He then stated that Samuel Tadros, a Coptic-American analyst, took to Twitter to highlight the social reality.
“This may be a horrific crime but it does not happen in a vacuum,” he wrote. “Coptic priests are insulted and harassed daily as they walk in Egy[ptian] streets.”
Casper wrote: “Respect. Dignity. Insult. Harassment. What is the way forward? The answer may lie partially in the clothes that sparked the assault.
“Better law enforcement is necessary. Education must be reformed. These are the standard answers offered, and there is logic to them. But if they are not going to change anytime soon, what are Copts to do in the meantime?
“Years ago I met my first Coptic priest in America, and I asked him about his beard and robe. They are tradition, he explained, but they are so much more.
“To a degree, they are public spectacle.”
He said: “Protestant pastors often blend into society. Catholic priests sometimes take off their vestments. But the Coptic Orthodox clergyman must look distinctive at all times. He is a sign of the church, a message to the people that God’s kingdom is near.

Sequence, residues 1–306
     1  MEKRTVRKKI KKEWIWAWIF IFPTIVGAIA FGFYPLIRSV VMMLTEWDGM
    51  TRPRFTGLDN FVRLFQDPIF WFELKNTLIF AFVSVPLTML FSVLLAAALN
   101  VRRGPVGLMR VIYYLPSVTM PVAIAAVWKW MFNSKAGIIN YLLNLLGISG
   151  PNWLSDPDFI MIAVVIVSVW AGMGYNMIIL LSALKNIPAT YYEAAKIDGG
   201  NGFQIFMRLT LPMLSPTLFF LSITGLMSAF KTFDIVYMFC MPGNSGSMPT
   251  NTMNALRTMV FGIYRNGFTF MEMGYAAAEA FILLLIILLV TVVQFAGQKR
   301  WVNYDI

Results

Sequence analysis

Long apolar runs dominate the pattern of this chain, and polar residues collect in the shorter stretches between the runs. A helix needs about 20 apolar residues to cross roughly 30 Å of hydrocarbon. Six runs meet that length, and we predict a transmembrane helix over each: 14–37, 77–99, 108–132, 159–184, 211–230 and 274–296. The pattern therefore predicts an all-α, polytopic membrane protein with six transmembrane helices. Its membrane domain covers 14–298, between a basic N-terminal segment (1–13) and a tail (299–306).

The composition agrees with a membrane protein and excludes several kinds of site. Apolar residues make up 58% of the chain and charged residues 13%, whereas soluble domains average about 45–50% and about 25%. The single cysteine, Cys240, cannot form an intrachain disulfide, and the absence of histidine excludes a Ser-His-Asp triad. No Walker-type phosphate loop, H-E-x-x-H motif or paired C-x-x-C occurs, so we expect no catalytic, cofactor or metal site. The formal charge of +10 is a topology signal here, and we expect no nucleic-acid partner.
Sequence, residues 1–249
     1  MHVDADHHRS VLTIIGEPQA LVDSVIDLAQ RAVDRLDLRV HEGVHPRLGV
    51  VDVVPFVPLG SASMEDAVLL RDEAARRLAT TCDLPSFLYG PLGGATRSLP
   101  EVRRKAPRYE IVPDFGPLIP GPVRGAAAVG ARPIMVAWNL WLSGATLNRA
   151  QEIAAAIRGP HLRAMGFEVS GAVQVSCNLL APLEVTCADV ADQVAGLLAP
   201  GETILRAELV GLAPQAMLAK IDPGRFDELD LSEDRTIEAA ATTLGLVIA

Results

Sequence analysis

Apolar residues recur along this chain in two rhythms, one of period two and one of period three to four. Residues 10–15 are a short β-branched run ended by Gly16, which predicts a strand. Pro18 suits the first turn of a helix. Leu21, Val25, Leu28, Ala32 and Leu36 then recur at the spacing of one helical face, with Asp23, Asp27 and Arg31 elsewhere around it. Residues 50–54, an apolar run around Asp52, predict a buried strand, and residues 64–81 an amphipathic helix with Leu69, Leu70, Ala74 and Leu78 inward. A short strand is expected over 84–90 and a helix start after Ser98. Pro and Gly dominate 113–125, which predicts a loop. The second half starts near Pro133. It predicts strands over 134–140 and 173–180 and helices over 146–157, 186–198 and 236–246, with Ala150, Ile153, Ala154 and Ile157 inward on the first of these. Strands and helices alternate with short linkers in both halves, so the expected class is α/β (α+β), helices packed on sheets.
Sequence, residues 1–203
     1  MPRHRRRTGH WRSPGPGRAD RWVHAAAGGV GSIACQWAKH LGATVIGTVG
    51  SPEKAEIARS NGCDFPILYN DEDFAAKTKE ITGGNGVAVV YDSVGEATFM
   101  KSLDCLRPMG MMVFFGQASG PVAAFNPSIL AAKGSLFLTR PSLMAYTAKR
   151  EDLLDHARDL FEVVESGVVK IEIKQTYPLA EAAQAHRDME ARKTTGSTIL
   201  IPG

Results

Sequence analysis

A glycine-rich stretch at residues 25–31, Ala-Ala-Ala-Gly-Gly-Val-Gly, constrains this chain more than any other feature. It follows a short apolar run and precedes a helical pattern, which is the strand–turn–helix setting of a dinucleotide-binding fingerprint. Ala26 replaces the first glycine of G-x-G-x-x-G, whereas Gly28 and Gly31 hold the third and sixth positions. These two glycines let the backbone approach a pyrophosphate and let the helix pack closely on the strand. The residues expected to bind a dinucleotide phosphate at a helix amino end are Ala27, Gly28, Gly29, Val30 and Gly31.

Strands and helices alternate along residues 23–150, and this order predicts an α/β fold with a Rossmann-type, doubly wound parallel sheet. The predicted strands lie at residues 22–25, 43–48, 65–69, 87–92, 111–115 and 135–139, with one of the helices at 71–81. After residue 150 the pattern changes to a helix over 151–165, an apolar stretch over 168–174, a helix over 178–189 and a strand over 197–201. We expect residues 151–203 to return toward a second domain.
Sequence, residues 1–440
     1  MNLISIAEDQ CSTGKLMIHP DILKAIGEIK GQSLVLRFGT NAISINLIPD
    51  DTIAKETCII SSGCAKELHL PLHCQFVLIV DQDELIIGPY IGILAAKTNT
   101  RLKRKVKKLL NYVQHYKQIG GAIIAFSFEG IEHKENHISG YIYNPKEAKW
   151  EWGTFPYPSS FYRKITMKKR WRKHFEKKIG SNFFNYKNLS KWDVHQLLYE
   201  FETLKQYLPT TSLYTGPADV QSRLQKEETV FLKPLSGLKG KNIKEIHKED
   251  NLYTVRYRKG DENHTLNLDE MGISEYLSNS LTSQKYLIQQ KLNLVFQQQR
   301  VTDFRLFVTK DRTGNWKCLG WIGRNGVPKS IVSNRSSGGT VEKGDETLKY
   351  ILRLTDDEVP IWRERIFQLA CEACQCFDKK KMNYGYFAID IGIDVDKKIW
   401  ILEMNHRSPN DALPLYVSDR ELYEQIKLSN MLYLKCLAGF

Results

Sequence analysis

“But in recent decades in Egypt, that kingdom has become less and less visible.
“Let no one think that the nation is aflame. Muslims and Christians are neighbors and friends. Sectarianism is an ever-latent virus poisoning many, but for the most part life goes on amid patterns of discrimination and identity groupings.
“But facing a growing Muslim – often Islamist – domination of the public square, especially before the revolution, Copts have increasingly withdrawn into their churches.
“Who can blame them? Spitting is real. Priests travel for visitation in cars with tinted windows. Why not, if the money is there? Egypt drives everywhere these days, just look at the traffic.
“But money is also a demarcating line. A priest can shop comfortably in the hypermarkets of upper-class Cairo. Will he buy vegetables off a donkey cart in poor Upper Egypt?